Monday, August 31, 2009

Just Biking in the Rain

It had been a while since I'd biked through one of Japan's torrential typhoon-level downpours. Twelve years, in fact.
Last time I had no waterproof gear (I'm not counting the umbrella, since that gave up and ran for cover whimpering when faced with the wind that day), and must have been quite an amusing sight by the time I made it home, given how long it took my host Mom to control the giggles after seeing me drip into the entrance hallway.
This time, I have full rain gear (worked quite nicely, my clothes and hair stayed dry in spite of being under a waterfall for a good hour straight), my shoes are sandals and attach to the bike pedals (so no slipping off), and I have strong lights on the bike. However, I'm also carrying every possesion I have in Japan with me in a trailer behind the bike. (The trailer is mostly waterproof... it did leak a bit underneath, I'm guessing where the axle connects to the suitcase.)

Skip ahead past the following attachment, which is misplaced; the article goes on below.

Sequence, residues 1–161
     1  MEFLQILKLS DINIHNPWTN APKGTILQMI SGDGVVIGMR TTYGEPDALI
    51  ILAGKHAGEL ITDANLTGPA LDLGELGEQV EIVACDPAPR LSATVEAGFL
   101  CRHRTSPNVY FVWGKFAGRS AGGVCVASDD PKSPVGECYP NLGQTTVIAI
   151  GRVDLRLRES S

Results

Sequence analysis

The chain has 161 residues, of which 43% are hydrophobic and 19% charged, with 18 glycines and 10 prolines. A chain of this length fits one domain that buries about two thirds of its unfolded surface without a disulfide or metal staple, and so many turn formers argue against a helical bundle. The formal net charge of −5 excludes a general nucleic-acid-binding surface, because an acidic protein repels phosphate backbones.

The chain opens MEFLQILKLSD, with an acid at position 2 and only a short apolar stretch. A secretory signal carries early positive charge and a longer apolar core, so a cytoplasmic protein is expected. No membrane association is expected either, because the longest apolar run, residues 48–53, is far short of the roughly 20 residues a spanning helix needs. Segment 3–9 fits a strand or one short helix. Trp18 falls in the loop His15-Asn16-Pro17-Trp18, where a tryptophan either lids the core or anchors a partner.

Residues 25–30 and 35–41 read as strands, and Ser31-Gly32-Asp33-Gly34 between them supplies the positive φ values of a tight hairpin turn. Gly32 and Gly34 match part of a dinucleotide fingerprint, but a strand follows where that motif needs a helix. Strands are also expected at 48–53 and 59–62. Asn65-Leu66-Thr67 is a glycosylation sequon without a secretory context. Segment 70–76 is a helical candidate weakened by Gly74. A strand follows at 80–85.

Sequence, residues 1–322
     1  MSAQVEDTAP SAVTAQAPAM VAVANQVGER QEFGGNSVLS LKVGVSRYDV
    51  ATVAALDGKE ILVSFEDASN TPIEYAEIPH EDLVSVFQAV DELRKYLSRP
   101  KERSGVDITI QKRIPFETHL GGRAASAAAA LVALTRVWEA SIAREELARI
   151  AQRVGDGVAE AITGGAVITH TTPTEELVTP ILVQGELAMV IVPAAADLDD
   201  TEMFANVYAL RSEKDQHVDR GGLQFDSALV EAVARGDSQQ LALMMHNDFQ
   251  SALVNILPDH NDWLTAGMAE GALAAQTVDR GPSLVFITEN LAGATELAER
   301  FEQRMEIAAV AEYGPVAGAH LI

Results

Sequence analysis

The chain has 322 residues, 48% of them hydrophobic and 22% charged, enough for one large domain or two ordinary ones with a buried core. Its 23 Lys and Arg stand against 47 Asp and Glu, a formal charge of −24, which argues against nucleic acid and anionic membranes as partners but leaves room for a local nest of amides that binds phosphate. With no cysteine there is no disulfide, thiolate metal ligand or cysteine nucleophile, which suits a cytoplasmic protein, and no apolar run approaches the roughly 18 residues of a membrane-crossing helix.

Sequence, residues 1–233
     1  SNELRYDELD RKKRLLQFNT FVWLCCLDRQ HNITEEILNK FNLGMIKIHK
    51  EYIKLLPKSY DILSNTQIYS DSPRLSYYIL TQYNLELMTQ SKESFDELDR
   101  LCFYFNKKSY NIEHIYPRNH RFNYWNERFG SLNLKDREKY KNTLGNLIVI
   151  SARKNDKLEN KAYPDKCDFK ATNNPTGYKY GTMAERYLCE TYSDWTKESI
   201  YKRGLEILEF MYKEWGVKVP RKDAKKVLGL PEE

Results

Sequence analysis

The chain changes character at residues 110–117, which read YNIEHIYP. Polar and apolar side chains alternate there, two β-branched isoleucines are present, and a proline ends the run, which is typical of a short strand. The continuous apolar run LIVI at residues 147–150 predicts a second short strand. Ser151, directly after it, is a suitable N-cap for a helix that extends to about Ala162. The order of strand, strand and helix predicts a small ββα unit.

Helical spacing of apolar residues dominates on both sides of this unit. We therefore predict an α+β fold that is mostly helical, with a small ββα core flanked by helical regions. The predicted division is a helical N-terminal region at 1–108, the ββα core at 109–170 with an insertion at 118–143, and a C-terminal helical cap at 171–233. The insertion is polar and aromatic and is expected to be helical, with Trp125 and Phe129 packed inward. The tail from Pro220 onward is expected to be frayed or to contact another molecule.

I made the trip from Shinbashi to Asakusa with no trouble (though I'm not as much a fan of the pedestrian dodging game on a bike as I used to be in High School), checked into a hostel for the next two nights, and now I'm tucked into a restaurant booth cuddling a cup of hot tea.
Some lessons learned: my bike bell doesn't make much of a useful sound when it's waterlogged (but whistling works ok in all but the worst downpours); wet polished metal is slippery (and having four wheels is more stable than just having two); people in Tokyo do a great job of not noticing that I'm biking with a big trailer behind me while at the same time managing to dodge me, the bike and the trailer; the ubiquitous transparent plastic umbrella is really useful when trying to navigate crowded streets in Tokyo's diagonal or horizontal rains (people who couldn't see through their umbrellas did remarkably poorer on dodging).
Also, hot tea makes everything better. :)